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Brand valuation and marketing company Brand Finance released its annual study of the top 50 most valuable cosmetics brands. The company calculates brand value using the royalty relief approach. Brand value is essentially the cost that a third party would have to pay to license the use of a brand. Brand strength analysis is used to determine the royalty rate, and brand strength analysis benchmarks the strength, risk and future potential of a brand relative to its competitors. This takes into account financial metrics such as net margins, average revenue per customer, marketing and advertising spend as well as qualitative measures such as brand affection and loyalty. Brands are then awarded a brand rating, a letter grade, similar to a credit rating from AAA+ to D. Having been determined based on the brand strength, the royalty rate is then applied to revenue figures to determine the brand value.
For the 2013 listing, despite a very slight brand value fall, Olay held its dominant position at the top of the BrandFinance Cosmetics 50 table, with a value of $11.7 billion. However, Olay’s lead at the top has shrunk from $4 billion to $3 billion following the growth of L’Oréal. The French giant has continued its progression up the rankings, having moved from fourth to third last year, it is now second. Brand value growth of $952 million, more than any other brand, means its total brand value is now S$8.7 billion.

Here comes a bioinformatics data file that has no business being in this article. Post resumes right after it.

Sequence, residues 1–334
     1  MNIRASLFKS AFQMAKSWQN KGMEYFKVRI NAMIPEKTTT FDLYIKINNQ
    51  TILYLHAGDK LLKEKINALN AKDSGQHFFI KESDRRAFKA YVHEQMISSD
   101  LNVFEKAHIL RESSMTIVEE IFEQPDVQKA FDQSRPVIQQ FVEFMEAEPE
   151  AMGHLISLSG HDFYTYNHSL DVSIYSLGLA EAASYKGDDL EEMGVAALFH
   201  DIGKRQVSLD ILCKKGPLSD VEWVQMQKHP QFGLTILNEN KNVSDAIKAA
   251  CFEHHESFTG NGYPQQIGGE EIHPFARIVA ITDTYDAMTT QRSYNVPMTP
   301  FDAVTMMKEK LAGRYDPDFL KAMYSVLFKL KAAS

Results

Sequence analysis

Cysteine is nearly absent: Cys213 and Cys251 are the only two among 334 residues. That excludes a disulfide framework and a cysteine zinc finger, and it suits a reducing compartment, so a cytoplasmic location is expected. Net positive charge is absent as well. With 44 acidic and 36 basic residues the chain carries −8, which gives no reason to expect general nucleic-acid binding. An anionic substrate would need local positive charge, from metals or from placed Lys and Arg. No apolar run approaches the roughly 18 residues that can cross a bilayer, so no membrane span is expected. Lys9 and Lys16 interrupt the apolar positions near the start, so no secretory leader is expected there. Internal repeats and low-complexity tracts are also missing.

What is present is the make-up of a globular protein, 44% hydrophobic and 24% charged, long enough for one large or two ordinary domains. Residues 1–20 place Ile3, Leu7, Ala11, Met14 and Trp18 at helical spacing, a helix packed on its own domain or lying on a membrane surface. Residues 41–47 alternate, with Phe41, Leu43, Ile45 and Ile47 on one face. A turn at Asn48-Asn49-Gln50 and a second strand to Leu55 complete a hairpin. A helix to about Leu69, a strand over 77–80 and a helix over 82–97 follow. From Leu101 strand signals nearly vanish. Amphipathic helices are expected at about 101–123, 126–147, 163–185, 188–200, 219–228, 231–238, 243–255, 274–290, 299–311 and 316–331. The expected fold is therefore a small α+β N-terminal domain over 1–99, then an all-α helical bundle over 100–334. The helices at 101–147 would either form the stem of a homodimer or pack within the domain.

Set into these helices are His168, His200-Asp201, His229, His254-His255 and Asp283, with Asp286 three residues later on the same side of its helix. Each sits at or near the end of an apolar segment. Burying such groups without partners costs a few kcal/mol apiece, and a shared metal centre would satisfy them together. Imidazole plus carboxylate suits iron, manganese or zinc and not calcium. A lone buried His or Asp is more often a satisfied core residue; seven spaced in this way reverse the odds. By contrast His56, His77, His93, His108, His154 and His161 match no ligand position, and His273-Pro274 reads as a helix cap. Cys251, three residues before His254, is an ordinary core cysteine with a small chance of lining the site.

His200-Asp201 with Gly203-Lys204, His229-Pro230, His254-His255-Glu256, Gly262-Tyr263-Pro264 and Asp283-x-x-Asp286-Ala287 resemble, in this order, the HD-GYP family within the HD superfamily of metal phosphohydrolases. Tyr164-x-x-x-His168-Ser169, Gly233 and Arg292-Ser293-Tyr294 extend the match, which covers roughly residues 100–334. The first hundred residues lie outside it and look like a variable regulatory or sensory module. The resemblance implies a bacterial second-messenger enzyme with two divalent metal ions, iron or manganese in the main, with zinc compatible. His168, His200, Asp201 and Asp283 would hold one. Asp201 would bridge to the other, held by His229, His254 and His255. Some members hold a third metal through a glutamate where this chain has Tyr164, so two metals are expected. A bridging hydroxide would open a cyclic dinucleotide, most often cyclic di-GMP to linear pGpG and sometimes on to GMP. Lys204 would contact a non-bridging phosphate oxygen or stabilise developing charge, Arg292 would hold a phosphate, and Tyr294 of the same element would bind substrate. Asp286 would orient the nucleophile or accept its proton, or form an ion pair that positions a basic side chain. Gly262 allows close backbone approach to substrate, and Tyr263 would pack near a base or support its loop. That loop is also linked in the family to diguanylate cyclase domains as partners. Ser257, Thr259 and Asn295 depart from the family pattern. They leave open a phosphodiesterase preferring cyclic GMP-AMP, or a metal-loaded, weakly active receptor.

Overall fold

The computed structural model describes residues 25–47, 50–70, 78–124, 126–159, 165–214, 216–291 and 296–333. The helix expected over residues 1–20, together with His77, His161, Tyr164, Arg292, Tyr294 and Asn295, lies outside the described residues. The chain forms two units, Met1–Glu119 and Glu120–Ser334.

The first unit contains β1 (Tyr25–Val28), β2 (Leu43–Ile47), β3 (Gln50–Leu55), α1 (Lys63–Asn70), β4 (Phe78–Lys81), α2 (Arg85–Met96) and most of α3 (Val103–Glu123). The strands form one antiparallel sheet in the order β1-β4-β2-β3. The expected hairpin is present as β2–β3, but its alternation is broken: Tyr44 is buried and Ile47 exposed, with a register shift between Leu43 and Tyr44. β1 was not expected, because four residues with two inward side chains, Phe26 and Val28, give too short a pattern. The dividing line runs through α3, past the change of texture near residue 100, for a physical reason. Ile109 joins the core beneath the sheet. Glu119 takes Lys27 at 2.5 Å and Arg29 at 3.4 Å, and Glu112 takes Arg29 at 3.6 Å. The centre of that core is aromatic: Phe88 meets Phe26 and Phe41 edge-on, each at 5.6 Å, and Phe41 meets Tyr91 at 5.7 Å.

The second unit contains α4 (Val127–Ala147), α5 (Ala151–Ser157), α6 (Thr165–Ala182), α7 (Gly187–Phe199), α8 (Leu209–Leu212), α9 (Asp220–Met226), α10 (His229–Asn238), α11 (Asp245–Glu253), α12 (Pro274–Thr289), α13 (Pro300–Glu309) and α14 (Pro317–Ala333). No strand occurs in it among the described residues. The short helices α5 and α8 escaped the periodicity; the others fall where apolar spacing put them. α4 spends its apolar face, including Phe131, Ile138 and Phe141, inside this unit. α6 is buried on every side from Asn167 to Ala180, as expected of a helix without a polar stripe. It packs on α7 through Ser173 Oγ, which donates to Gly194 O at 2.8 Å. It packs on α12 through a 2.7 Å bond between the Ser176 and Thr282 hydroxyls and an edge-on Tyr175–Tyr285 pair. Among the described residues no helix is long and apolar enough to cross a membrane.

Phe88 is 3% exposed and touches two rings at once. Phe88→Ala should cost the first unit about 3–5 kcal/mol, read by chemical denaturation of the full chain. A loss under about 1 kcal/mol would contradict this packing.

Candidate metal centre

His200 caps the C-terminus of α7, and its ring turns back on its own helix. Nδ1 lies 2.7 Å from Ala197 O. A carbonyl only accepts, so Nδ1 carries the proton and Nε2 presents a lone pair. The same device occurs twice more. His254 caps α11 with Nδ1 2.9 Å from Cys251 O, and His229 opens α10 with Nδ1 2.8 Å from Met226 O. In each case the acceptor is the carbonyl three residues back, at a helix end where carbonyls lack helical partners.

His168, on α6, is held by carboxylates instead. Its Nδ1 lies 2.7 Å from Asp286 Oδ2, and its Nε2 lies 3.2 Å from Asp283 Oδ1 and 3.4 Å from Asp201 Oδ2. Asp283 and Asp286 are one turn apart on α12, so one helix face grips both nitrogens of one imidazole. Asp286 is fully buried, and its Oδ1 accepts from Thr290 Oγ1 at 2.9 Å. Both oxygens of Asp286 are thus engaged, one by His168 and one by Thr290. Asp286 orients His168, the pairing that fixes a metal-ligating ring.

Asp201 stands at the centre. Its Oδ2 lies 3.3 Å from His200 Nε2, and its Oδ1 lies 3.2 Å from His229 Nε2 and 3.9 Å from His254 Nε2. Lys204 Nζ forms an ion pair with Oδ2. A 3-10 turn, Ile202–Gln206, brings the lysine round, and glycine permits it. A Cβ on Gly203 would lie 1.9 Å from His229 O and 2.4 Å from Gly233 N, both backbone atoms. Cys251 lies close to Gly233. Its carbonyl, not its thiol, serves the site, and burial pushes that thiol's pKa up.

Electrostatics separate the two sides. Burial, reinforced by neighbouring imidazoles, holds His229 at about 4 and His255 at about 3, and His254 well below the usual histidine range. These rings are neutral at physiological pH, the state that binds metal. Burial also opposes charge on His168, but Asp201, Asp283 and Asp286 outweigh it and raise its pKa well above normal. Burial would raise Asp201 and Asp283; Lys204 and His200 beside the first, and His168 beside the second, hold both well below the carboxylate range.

L’Oréal’s success hinges on shrewd exploitation of its French heritage. France’s nation brand is synonymous with luxury, helping to drive $26 billion worth of luxury goods exports in 2012. L’Oréal has contributed to this trend, targeting emerging markets such as Brazil and China to achieve revenue growth of 12% last year.
L’Oréal is followed in the BrandFinance Cosmetics 50 by Neutrogena, Nivea and Lancôme, which have all recovered well from brand value falls last year. Sixth place Avon is this year’s biggest casualty. Down from second last year, it lost $2.7 billion of brand value this year. The $2.3 billion lost last year means Avon’s brand value is down $5 billion on 2011 and now stands at just $5.2 billion. The particularly dramatic brand value falls suggest low levels of investor confidence following a revenue drop of 5% and a loss of $42.5 million in 2012.
Commenting on the results, Mary-Ellen Field, chairman of Brand Finance Australia, stated, “The global beauty industry continues to do, well, beautifully. With the increasing wealth of women in developing economies we have, not surprisingly, seen the sales of beauty products in these countries growing. Cosmetic halls in department stores throughout the world continue to be exciting places despite growing competition from Internet sales.”
Below is the full, 50-place list from Brand Finance for “The World’s Most Valuable Cosmetic Brands:”